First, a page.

Migraine is a chronic, debilitating neurological disease that’s distressingly common and notoriously difficult to diagnose and treat.
The Migraine Research Foundation says one in four American households includes someone who suffers from migraines, and more than 90 percent of sufferers are unable to function normally during their attacks.
But there may be a new, cost-effective treatment that greatly reduces the pain level and frequency of migraines, eliminating the need for expensive medications and their associated side effects…
The benefits of green light therapy
In a University of Arizona Health Sciences study, researchers found that exposing 29 migraine patients to green light-emitting diodes (LEDs) resulted in about a 60 percent reduction in pain intensity and an average 60 percent reduction in the number of days per month they experienced migraine headaches.
The study participants were all migraine sufferers who had failed multiple traditional therapies, such as oral medications and Botox injections. They were given light strips and instructions to follow while completing the study at home.
For the first 10 weeks, they exposed themselves to white LEDs for one to two hours a day. After a two-week break, they were exposed to green LEDs for the same time frame and duration. The green light used in the study was bright enough to allow for reading or exercise; however, no other light sources — such as from televisions, smartphones or computer screens — were allowed.
About 86 percent of episodic migraine patients and 63 percent of chronic migraine patients reported a reduction of more than 50 percent in headache days per month. Episodic migraine patients have up to 14 headache days per month, while patients who have 15 or more headache days per month are classified as chronic.
In terms of pain, green light exposure reduced participants’ pain from an 8 to a 3.2 on a scale of 0 to 10, or by about 60 percent. Green light therapy also shortened the duration of their headaches and improved their ability to fall and stay asleep, do chores, exercise and work.
Best of all, there were no reported side effects of green light exposure.
“One of the ways we measured participant satisfaction was, when we enrolled people, we told them they would have to return the light at the end of the study,” says lead study author Dr. Mohab Ibrahim. “But when it came to the end of the study, we offered them the option to keep the light, and 28 out of the 29 decided to keep it.”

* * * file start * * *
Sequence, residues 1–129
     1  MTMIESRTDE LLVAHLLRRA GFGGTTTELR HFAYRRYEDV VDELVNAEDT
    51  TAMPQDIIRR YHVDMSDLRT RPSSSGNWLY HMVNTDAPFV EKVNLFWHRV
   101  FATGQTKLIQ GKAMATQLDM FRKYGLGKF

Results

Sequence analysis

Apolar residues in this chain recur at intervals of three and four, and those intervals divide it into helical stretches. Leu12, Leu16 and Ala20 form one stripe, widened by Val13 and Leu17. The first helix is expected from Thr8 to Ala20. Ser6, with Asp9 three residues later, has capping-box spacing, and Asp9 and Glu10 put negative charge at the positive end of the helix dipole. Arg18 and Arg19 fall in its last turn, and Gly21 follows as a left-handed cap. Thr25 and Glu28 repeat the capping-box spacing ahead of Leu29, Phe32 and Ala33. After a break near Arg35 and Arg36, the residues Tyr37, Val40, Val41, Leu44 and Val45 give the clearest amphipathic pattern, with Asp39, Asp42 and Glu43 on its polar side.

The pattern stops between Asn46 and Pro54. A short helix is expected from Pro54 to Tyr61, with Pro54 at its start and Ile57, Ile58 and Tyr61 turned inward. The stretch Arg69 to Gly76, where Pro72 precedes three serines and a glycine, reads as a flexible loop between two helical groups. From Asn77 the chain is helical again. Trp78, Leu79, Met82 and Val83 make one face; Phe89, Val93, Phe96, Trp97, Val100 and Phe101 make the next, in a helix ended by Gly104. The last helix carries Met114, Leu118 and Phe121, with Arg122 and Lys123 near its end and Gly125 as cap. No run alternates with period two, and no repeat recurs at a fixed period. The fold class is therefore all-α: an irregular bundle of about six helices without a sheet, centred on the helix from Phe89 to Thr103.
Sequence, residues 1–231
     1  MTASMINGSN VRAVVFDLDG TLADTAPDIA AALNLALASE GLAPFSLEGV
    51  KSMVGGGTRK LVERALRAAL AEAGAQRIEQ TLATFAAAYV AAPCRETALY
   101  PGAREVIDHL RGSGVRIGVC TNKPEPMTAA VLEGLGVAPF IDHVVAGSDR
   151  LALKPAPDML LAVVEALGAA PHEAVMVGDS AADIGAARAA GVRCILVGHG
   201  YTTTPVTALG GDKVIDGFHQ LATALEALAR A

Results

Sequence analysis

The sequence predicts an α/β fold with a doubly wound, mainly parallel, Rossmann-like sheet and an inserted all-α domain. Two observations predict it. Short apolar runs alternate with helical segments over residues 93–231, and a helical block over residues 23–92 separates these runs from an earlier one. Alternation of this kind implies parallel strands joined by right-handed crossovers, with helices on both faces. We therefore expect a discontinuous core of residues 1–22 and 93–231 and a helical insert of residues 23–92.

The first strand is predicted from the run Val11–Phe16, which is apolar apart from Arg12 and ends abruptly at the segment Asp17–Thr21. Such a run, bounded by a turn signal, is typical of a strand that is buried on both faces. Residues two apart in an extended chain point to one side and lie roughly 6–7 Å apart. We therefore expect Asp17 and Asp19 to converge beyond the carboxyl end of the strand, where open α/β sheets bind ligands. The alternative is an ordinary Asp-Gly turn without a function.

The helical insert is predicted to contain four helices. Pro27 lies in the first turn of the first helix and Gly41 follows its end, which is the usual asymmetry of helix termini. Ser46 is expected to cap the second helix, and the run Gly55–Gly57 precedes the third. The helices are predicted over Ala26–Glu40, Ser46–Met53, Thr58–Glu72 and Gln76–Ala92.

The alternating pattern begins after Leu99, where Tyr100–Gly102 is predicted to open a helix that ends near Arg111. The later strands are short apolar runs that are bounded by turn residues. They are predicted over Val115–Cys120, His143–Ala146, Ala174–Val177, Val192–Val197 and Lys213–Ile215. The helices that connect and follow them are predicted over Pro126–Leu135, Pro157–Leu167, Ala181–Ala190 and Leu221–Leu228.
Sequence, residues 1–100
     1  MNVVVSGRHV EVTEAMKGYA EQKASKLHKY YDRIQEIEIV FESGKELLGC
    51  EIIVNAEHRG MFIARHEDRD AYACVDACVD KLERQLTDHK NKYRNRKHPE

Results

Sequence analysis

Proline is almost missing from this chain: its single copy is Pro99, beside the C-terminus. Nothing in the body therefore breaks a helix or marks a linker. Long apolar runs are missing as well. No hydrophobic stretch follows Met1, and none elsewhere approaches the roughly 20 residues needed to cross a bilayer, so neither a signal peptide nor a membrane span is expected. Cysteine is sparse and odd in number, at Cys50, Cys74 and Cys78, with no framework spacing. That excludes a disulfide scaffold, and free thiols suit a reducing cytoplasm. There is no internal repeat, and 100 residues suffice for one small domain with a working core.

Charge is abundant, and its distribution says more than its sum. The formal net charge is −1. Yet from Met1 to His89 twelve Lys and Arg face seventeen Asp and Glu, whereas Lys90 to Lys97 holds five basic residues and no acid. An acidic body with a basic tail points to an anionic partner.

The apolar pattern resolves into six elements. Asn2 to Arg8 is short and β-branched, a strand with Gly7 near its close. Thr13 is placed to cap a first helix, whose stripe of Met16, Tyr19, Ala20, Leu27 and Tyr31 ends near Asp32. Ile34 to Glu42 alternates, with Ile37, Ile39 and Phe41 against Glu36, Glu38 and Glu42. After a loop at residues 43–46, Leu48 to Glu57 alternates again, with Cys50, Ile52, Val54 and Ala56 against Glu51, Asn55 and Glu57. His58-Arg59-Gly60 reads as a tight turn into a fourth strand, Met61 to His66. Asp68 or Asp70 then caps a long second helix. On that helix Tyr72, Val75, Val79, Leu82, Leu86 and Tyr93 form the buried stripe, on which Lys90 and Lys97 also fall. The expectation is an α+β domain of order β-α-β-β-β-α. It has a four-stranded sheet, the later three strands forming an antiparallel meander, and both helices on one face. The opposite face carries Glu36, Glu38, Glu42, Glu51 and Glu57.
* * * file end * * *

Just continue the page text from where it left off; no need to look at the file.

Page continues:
“The beauty of this approach is the lack of associated side effects,” adds co-author Dr. Amol Patwardhan. “If at all, it appears to improve sleep and other quality of life measures.”
How green light affects the brain
Green light impacts the brain in a number of ways. For instance, when the eye picks up green light, it sends signals to the brain to reset the body’s internal clock. This changes production levels of melatonin, the hormone that regulates sleep cycles.
Green light also changes serotonin levels and alters the pain-relieving system found throughout the body due to the connections from the retina to the spinal cord that pass through parts of the brain that control pain.
Dr. Ibrahim and Dr. Patwardhan have been studying the benefits of green light therapy for several years, and Dr. Ibrahim is researching it for other uses as well. He and his team recently completed a study of green light therapy in people with fibromyalgia, with encouraging results. And he plans to study the effects of green light exposure on HIV-related neuropathy and the hypersensitivity associated with antiretroviral therapy.
If you’re interested in trying green light for migraines, you can find options online, including a green light lamp by Allay, with a patent-pending band of soothing light.
Stopping migraine before it starts
Preventing a migraine attack is preferable to treating it once it starts. If you suffer from migraine, you are probably familiar with at least some of the conditions that can trigger an attack. Try to avoid the following triggers as best you can…
Lifestyle triggers: These include changes in sleep patterns, skipping meals, dehydration, overexertion and stress.
Environmental triggers: These include strong smells, bright or flickering lights, smoke and other air pollutants, altitude, air pressure brought on by airplane travel, motion sickness, humidity (both high and low), sudden changes in temperature or barometric pressure, and bright sunlight.
Hormonal triggers: These include changes in hormone levels, pregnancy, menstruation and menopause.
Medication triggers: These include hormone replacement therapy, oral contraceptives and overuse of pain medications, as well as medication side effects.
Food triggers: There is no strong scientific evidence linking migraine to specific food triggers. And if they do exist, they differ from person to person. Some common foods and additives named as migraine triggers include MSG; artificial sweeteners; nitrates like those found in cured meats; tyramines, which are found in fermented foods, aged cheeses, freshly baked yeast bread and cake; alcohol, especially red wine and beer; and caffeine.
What is Migraine? — Migraine Research Foundation
Green Light Therapy Shown to Reduce Migraine Frequency, Intensity — University of Arizona Health Sciences
Exposure to green light may reduce pain — Texas Medical Center
Shining a Green Light on a New Preventive Therapy for Migraine — University of Arizona Health Sciences
Migraine triggers — Migraine Research Foundation